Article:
The roles he did appear in include the ill-received horror film The Fog with Maggie Grace and Selma Blair, and, most notably, the role of Charlie Baker in the Cheaper by the Dozen series. Welling wasn't called upon to carry a lot of dramatic weight in any of the roles; coming out of Smallville, the TV series remained the most impressive thing on his résumé.

After Smallville, he wanted to take some time off

Smallville was so much work for Welling that afterwards, he took a self-imposed six-month hiatus.

"I needed a break," he told BuzzFeed. "I needed to figure out what was going on in my head a little bit. There was some adjusting that I needed to get back into real life and to make up for lost time as well. I was like, 'Guys, I'm out of here.' The two months that you spend at the beach loses some of its intrinsic value when you don't have anything you're running away from or have to go back to. I felt like I was basically retired and it sort of woke me up. But it needed to happen."

When he did decide to get back into acting, he decided he wanted to be more selective about his roles.

"I wanted to play a human and I wanted to be a part of a film whose theme was bigger than whatever character I was playing," he continued. "By being on Smallville for 10 years, I was able to make some really fantastic choices with that character, but now I'm drawn to real people trying to live real lives."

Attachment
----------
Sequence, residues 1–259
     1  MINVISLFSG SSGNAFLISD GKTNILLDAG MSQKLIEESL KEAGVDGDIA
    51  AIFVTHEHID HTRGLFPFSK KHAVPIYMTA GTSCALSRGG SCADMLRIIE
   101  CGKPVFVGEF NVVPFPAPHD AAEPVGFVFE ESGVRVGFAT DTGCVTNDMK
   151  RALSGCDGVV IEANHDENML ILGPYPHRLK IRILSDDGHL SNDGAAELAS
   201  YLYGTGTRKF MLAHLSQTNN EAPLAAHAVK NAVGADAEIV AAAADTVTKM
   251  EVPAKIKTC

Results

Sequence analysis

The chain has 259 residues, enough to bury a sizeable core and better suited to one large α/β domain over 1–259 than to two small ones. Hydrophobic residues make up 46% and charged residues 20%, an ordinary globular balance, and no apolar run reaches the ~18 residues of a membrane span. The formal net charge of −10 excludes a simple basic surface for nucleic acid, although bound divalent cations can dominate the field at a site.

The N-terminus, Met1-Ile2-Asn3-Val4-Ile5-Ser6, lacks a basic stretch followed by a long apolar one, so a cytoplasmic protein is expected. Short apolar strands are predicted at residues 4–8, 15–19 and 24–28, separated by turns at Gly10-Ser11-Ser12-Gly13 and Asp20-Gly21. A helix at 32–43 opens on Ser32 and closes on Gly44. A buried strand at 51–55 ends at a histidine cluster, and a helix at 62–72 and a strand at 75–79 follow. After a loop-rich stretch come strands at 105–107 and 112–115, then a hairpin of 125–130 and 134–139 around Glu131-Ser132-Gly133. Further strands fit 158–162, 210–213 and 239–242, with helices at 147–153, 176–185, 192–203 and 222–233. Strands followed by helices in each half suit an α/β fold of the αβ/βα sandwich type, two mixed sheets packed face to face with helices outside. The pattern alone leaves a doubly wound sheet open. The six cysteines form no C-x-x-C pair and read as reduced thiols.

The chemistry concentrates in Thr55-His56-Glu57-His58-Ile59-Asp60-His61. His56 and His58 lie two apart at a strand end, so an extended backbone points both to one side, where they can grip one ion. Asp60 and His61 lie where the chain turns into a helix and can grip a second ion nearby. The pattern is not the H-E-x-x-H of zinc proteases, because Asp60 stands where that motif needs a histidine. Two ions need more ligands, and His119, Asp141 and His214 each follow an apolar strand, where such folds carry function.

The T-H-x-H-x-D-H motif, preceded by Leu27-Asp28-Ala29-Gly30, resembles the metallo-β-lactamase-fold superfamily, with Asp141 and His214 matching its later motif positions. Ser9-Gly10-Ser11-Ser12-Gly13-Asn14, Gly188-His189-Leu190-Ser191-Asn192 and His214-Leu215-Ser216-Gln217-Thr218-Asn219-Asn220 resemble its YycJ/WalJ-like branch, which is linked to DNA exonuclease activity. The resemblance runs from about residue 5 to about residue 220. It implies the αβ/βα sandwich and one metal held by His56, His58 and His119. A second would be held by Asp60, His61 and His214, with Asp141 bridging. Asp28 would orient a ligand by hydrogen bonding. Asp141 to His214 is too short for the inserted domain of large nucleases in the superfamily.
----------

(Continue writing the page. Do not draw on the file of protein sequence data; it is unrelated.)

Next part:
He has been very picky in the roles he chooses

Welling spent ten years on television, which can be very tiring for an actor, and it makes sense that he'd want to take a break from life in front of the cameras after having to head to the same set year after super-year. It should come as no surprise that, because of that decade-long grind, Welling has been very selective in the roles he's taken since the end of Smallville's run.

In fact, he's only appeared in three films since the show's 2011 finale: the Zac Efron and Billy Bob Thornton-starring mystery drama Parkland, the Ivan Reitman-directed and Kevin Costner-starring sports drama Draft Day, and the Nicholas Sparks romance The Choice. While none of the movies made much of an impact on audiences or critics (more on that in a moment), it is safe to say that Welling had a chance to stretch himself as an actor in all three roles. 

In The Choice, Welling played Ryan, a doctor and former flame of the movie's leading lady, Gabby Holland. Meanwhile, in Parkland, Welling took the role of a Secret Service agent working during JFK's assassination. Draft Day offered a third occupation for Welling to try out: that of a washed up quarterback for the Cleveland Browns. Clearly Welling was going for range with those roles — no tights, capes, or superhero-themed jackets in any of them.